MOUNTAIN VIEW — Hard rock trailblazers of present and future came together for a mega-bill Wednesday night at the Shoreline Amphitheatre, capped off by co-headlining performances by Korn and Alice in Chains. The bill also featured Florida hardcore rockers Underoath and socially conscious aggression of upstarts Fever 333. The lineup was a generational showcase of the development of hard rock from the early ’90s through today, with a diversity of sound but also a shared collective influence. The Bay Area stop served as the final night of their summer tour.
Korn burst through the gates early as the massive curtain obscuring stage fell, opening with “Here to Stay” amid a backdrop of bright pulsing strobes as Jonathan Davis and company fiercely head-banged through the song’s powerful opening riff and driving rhythm. While the song came from 2002’s Untouchables, it makes a valid statement about the band’s staying power as a hard rock heavyweight. As one of the influencers of early nu-metal sound, Korn evolved with the times to keep its sound fresh while keeping the foundation of its trademark down-tuned, beat-heavy riffage intact.
“It was an amazing tour y’all,” Davis said early on in the set. “To be able to tour with those guys was way up there in my book.”
Korn was not only one of the era’s innovators, but one of its few survivors. The Bakersfield band then turned back the clock to its debut with “Blind” and “Divine.” Davis’ on stage presence began with restraint before turning into an all-out aggressive attack. He tightly clutched his microphone stand and head-banged as his shoulder-length hair flew around him. Davis’ vocal prowess still thrives on the dynamic range from quiet reservation to an aggressive bark. The band’s stage production was a mix of moving lighting rigs and screens that changed positions throughout the show to create depth.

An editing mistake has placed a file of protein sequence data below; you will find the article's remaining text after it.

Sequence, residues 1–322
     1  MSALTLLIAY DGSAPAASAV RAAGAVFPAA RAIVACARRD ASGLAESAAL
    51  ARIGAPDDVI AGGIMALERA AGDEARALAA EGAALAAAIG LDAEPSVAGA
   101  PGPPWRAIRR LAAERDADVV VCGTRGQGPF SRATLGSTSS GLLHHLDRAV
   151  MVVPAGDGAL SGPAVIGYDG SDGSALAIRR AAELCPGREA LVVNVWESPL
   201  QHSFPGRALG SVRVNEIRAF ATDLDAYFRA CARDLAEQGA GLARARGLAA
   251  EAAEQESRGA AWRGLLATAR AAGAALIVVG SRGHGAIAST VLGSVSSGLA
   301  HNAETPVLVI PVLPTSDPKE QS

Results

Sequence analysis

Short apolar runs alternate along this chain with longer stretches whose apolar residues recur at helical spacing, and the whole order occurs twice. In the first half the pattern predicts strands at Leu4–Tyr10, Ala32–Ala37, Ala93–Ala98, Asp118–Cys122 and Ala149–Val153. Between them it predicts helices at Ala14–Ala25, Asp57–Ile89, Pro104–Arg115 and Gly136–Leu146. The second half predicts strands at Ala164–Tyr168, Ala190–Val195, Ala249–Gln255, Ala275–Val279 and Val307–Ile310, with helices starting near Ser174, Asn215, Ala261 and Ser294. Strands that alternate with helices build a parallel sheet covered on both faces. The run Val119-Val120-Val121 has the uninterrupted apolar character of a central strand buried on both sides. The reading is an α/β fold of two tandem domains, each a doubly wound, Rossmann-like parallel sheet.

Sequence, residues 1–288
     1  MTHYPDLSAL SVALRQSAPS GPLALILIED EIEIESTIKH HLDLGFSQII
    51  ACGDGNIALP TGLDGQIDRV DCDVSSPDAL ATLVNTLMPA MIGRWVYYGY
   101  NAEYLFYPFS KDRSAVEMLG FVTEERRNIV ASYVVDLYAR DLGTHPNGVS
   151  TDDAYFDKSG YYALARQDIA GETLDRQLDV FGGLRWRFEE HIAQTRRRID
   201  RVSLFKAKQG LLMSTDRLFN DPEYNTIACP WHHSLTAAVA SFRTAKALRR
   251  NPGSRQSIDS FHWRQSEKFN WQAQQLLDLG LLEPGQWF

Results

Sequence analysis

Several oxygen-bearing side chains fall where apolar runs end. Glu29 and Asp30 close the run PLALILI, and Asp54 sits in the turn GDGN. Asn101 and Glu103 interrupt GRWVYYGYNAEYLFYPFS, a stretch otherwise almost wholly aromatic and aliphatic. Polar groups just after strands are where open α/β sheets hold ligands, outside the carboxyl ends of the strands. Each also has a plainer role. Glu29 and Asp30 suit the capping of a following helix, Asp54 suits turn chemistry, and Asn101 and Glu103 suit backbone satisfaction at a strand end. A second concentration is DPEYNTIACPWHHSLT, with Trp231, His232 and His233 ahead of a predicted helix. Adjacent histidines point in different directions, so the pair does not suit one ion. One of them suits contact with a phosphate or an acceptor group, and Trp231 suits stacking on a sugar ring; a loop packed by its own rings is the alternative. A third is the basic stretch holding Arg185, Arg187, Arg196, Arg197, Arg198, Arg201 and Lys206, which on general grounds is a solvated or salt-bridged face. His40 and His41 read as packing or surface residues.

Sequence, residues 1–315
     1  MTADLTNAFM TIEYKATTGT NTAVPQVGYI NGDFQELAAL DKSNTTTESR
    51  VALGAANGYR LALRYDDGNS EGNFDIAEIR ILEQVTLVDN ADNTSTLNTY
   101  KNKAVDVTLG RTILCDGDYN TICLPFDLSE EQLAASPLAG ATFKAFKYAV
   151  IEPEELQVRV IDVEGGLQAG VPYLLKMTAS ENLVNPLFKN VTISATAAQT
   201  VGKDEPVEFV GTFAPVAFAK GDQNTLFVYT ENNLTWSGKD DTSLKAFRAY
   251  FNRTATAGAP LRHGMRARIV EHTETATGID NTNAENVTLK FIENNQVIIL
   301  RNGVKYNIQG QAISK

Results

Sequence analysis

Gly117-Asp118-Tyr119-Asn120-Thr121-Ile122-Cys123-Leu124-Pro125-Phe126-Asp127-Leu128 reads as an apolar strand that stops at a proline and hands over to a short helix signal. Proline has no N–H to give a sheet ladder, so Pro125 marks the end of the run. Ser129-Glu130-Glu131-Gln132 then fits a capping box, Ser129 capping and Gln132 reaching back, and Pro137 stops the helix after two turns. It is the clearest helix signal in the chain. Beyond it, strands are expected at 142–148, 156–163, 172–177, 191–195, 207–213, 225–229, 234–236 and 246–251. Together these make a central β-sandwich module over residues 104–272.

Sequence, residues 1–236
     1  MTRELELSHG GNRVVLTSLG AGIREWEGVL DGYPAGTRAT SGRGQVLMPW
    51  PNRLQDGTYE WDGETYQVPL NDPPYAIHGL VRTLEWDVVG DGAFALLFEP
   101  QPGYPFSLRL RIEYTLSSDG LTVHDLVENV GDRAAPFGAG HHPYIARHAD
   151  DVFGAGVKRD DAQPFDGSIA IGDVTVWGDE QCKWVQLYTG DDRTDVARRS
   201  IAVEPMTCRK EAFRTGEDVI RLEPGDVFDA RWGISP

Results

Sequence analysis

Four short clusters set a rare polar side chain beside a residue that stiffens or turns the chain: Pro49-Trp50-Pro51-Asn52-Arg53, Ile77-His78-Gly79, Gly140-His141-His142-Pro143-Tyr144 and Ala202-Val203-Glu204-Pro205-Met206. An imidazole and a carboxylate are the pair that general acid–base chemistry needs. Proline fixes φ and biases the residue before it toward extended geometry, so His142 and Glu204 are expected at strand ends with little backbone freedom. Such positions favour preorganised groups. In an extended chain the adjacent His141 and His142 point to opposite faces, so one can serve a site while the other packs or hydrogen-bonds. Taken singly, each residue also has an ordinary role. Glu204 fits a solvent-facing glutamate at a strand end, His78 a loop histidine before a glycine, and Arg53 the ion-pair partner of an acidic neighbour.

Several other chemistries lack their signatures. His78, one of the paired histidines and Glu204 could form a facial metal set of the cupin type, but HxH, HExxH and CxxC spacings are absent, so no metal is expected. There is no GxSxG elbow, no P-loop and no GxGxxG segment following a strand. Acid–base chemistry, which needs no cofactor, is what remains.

Davis declared proudly that in October, Korn will be celebrating its 25th year. The band then transitioned to the present, mixing in a pair of newer tracks like 2016’s “Rotting in Vain” and “You’ll Never Find Me,” off the band’s 13th studio album, The Nothing, coming next week.
Ray Luzier, the band’s drummer since 2007, pounded out the driving beats. Bassist Reginald “Fieldy” Arvizu’s presence was felt through his down-tuned floor-rattling bass slaps—the foundation on which the band’s sound is built. Guitarists Brian “Head” Welch and James “Munky” Shaffer also showcased their signature down-tuned riffs on “Shoots and Ladders” and “Got the Life.” That guitar sound was influential for countless bands that followed. Davis pumped up the crowd with a set of bagpipes on before the band launched into “Shoots and Ladders” and infused some of Metallica’s “One” into the outro.
The latter part of the set included some surprises, including a sort of drum battle between Luzier and Fever 333’s Aric Improta. The band continued with a pair of songs from 1999’s Issues with “Make Me Bad” and “Somebody Someone,” before closing with one of its earliest smashes, “Freak On a Leash.”